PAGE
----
It’s been a mixed bag for us, by and large good.

For internships, we have never discriminated on the basis of law school, city and other parameters. As a result, students from almost all credible law institutes have interned with us during last three and a half years.

We have observed that talent cannot be assumed just because you cracked CLAT and got an admission in an NLU. We have seen many bad apples from NLUs taking everything for granted, thinking they are doing a favour by interning with us, not submitting anything and insisting on an internship just by virtue of their engagement. This attitude isn’t taking anyone anywhere.

 On the other hand, many non-NLU students work extra hard to bridge the gap. We find them second to none when it comes to skills and dedication.

 Therefore, students must concentrate on doing what they can do best regardless of metro-non metro, NLU – non NLU, English – vernacular, rich – poor or similar monkeys on their back.

 I would not like to name the outstanding students because there are too many and some 50 odd are interning on different projects right now. Many of them keep working with us as researchers and / or guides for younger students even after passing out of college. You can see their names with us in our articles every now and then.

 5.  What type of certificate courses, research papers and workshop courses help students stand-out in their internship applications?

 Our law universities’ curriculum is very cramped and fast paced. Students hardly get any practical exposure. Therefore, students must endeavour to pursue additional vistas to broaden their knowledge in the subjects they are interested. However, they should take care that what they do results in real knowledge and not only a certificate.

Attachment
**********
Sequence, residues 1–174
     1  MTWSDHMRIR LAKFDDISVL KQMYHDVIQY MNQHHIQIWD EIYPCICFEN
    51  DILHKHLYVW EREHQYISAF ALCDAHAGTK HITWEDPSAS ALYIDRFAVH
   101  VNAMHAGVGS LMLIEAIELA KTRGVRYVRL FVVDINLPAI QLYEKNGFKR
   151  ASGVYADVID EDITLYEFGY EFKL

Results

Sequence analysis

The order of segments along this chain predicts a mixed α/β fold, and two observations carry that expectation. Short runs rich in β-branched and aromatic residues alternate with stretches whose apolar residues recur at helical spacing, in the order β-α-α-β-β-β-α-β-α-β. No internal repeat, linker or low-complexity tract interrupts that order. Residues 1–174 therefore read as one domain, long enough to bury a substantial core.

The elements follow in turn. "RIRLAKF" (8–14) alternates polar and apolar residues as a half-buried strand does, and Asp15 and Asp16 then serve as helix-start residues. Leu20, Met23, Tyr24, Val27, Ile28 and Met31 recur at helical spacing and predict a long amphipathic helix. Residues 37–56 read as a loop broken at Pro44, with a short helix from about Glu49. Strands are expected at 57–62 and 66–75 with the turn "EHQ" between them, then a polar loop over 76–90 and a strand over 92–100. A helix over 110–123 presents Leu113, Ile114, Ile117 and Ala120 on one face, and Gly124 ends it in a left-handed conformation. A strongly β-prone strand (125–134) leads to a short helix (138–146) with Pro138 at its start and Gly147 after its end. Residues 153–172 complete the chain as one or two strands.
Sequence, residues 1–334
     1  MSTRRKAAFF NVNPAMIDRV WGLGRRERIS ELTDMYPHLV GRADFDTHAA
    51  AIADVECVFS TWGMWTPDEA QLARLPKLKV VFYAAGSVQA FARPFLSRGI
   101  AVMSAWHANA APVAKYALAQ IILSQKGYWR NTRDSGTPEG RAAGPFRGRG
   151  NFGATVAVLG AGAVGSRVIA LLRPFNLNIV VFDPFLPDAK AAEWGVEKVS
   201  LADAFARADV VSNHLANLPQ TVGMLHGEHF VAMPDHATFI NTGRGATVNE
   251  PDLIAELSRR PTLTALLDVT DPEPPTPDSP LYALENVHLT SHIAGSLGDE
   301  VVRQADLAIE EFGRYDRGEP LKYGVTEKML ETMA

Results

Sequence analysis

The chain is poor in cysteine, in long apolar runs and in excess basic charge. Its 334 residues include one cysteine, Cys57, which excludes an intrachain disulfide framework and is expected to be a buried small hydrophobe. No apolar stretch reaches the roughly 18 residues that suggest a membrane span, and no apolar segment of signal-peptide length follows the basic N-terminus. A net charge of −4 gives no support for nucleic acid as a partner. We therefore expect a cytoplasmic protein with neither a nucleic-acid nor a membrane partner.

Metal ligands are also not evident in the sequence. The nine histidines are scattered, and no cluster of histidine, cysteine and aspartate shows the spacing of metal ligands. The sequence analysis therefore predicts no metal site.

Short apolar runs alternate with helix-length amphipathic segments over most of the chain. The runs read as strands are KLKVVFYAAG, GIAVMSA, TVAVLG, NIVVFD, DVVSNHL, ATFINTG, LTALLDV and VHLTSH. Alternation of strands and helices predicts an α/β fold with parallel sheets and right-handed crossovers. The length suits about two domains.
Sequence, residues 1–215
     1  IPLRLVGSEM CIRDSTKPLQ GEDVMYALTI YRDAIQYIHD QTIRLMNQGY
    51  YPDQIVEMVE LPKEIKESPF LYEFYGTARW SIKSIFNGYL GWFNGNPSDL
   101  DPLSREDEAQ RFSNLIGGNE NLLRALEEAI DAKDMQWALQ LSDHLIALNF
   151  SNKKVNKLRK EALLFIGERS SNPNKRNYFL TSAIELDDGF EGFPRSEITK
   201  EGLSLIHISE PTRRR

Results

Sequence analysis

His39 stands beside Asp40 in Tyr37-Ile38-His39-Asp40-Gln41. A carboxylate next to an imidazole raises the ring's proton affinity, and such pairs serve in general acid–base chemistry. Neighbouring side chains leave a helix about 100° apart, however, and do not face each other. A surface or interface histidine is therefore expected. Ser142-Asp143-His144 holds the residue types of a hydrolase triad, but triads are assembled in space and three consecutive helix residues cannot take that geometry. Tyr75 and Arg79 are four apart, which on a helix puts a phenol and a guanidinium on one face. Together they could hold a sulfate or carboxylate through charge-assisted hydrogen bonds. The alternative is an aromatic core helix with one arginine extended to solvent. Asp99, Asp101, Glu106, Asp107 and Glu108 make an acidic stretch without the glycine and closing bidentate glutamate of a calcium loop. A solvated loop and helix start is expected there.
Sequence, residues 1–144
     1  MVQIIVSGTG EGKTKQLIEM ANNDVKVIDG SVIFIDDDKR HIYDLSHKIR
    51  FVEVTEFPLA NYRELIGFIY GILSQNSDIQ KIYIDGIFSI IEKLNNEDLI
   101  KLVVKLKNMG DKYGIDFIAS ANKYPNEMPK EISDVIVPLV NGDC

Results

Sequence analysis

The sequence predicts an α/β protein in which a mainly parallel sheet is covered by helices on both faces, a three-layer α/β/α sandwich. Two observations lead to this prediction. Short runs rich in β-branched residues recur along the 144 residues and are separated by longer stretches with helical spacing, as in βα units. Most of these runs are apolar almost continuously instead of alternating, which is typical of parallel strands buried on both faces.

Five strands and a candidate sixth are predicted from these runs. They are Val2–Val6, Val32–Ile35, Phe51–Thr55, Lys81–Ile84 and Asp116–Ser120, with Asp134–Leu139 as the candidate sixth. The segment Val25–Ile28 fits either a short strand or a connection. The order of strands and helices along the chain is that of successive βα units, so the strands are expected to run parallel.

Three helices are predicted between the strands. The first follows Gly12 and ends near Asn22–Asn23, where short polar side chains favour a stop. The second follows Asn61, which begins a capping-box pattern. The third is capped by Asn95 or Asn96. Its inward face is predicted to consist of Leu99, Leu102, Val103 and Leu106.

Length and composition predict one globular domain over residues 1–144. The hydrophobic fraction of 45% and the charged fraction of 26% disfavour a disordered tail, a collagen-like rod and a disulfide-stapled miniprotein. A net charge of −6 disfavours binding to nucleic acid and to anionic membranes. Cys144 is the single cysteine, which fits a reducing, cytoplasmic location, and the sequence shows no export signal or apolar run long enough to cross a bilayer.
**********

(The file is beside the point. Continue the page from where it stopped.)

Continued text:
I am sad to notice many unscrupulous elements exploiting students by organising useless seminars, webinars, certificate courses and so on. It has become fashionable to collect participation certificates by paying Rs. 50 or 100. You should focus on attaining knowledge, not certificates. At least we do not pay much attention to participation certificates.

I even stopped delivering guest lectures at some of these events realising that organisers were making money, speakers were not getting anything out of it and participants were not interested in any knowledge but only certificates. Sad to notice the organisers were exploiting some of the best professionals and academics in this shady business.